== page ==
Porphyria and the Biological Basis of Vampire Lore
Porphyias are inherited or acquired disorders effecting porphyrin production in the body. Porphyrins are the primary precursors to heme, the prosthetic group required for the binding of oxygen to the hemoglobin in red blood cells, the proper function of catalase and peroxidase (important to removing cellular peroxides), and the reductive capacity of cytochrom P450 (a component of the electron transport chain). There are a number of genetic mutations that can affect production of enzymes in the porphyrin pathway, any of which may lead to an inadequate supply of heme, resulting in a myriad of physiological problems. The symptoms often include:
* Light sensitivity
* Neurological attacks- seizures and severe back and abdominal pain
* Mental instability- psychosis, hallucination, and paranoia
* Receding gums leading to a fanged appearance
* Increased hair and nail growth
In addition to all these hardships, in the Middle Ages some porphyrics took to drinking blood, as modern treatments were not yet available. Although inefficient, in large enough quantities the additional heme in the blood-based diet could reduce symptoms.
Does this not sound like the fabled creatures of the night? Perhaps it does not describe the dashing and frightening Dracula, who is believed to be based off of Vlad the second, the brutal Hungarian king also known as "Dracul" (the dragon), but it does describe a more eerie creature of legend. The German adaptation of Dracula, Nosferatu, may have borrowed some from the poryphyria-based lore to create their own variety of vampire with elongated nails and hair, rotting flesh, and rat-like features. Not nearly as glamorous as those vampires popularized by the modern novelists like Anne Rice, these "vampires" had a more gritty lifestyle, often ending in pain and insanity. They were based off of a a tragic disease, for which there was no cure.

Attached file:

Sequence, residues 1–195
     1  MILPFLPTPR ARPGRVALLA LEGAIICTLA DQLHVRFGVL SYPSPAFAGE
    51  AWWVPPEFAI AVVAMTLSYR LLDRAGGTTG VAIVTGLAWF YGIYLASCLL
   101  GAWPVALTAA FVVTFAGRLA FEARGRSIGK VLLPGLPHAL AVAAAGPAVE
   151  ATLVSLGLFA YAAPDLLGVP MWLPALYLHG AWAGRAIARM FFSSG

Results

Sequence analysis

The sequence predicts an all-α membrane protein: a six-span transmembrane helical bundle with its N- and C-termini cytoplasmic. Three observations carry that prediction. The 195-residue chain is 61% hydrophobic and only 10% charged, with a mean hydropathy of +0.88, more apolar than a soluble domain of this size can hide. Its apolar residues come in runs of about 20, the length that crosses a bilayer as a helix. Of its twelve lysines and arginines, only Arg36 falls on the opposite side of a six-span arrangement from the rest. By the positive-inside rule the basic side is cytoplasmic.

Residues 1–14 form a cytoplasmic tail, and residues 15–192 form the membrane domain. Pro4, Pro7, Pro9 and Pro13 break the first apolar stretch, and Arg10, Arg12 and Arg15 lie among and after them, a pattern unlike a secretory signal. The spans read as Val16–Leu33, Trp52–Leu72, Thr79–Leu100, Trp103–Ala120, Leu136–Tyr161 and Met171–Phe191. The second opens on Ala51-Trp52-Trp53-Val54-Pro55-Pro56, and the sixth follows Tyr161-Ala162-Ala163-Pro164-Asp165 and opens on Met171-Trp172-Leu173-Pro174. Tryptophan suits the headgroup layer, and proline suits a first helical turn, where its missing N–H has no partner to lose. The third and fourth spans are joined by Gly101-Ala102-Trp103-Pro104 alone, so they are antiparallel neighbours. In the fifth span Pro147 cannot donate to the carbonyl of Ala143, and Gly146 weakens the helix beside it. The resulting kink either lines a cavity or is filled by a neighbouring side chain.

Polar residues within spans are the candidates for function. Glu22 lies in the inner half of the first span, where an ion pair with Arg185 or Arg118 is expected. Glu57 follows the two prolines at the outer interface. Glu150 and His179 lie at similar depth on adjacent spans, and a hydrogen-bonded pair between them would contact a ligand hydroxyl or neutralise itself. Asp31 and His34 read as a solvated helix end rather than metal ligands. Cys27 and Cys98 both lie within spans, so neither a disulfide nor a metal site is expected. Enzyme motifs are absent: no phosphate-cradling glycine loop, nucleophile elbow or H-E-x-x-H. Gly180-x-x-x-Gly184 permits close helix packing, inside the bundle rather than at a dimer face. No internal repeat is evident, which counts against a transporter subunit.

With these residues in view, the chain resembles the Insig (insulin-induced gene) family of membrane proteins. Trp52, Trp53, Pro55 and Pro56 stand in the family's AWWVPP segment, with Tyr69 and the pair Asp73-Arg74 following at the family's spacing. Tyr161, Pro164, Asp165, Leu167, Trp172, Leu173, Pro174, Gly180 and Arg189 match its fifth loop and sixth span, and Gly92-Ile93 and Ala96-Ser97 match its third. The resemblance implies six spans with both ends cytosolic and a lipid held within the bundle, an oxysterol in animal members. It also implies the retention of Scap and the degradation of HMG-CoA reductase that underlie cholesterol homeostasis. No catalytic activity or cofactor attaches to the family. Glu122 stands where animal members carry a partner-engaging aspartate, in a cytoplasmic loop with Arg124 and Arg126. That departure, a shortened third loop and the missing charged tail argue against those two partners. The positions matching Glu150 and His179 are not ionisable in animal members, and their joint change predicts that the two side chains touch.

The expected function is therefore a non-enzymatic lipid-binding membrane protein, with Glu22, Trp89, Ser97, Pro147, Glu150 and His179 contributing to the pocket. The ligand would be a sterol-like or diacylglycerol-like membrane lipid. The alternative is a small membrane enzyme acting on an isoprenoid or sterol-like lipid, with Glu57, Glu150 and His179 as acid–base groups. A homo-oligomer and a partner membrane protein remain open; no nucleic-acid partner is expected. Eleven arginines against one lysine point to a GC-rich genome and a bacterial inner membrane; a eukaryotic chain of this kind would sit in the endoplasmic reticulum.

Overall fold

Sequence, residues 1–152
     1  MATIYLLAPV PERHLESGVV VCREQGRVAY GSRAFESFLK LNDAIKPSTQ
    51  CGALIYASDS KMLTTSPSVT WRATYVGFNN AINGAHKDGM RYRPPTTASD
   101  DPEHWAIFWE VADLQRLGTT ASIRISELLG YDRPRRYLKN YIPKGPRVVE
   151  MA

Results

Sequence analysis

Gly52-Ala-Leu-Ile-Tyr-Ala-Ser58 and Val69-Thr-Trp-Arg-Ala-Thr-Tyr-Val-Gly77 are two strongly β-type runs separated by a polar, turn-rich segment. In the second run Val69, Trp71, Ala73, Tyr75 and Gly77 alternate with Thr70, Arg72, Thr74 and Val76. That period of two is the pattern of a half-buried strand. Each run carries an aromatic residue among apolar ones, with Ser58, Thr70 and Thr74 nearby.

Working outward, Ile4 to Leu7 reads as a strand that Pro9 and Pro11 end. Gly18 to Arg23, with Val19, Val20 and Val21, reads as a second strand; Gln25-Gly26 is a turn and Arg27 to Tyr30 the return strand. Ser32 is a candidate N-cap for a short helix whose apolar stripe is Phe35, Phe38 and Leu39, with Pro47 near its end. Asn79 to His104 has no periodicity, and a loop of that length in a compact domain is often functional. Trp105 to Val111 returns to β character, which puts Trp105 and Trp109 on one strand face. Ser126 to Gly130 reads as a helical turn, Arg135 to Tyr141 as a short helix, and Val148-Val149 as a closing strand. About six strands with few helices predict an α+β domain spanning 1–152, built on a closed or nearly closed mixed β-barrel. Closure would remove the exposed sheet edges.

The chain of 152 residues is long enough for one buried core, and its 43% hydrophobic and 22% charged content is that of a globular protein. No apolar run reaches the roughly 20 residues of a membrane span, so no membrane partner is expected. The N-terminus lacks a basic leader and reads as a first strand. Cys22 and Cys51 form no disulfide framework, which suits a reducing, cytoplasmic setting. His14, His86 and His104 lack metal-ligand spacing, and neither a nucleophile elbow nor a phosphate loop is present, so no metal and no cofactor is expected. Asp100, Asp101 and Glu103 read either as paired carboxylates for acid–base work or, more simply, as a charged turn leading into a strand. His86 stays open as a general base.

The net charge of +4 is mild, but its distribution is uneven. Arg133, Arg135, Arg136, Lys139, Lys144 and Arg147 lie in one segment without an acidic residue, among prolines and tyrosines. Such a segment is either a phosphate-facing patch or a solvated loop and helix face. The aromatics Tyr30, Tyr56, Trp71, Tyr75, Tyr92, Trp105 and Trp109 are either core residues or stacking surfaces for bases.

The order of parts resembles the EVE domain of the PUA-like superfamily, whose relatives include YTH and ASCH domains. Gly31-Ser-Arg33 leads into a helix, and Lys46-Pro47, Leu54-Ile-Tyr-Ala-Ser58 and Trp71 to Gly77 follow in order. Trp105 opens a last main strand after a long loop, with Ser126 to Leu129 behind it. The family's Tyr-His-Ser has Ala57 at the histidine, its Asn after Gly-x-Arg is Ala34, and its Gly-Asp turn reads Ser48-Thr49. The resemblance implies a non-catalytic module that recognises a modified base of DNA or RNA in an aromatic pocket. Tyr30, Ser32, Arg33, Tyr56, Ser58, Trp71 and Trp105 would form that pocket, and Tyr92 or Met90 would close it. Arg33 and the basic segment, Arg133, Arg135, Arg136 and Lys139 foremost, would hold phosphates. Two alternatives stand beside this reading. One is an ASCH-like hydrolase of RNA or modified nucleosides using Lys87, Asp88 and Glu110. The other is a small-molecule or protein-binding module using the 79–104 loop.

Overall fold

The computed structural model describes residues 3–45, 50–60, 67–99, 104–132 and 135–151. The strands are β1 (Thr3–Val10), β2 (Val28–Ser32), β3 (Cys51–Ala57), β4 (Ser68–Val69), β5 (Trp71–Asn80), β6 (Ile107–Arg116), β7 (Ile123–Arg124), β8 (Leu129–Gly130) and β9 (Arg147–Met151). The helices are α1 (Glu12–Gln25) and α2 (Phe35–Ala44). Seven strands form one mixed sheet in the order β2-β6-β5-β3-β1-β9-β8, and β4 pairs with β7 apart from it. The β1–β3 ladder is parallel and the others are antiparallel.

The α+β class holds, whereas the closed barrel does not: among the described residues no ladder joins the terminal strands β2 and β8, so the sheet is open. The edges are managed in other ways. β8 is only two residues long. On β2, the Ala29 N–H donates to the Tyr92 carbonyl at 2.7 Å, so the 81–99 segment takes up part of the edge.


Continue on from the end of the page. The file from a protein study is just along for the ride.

Luckily, today there are better treatments available for people with porphyria. Hematin and haem arginate are used to treat acute porphyria. If given early enough in an attack, they can limit the nausea, seizure, and neuropathy. In most cases of porphyria, direct heme injections can help relieve disease symptoms as well.
Juan, Stephen (2006). The Odd Brain: Mysteries of Our Weird and Wonderful Brains Explained. Andrews and McMeel Publishing.
Wikipedia (2006). "Porphyria."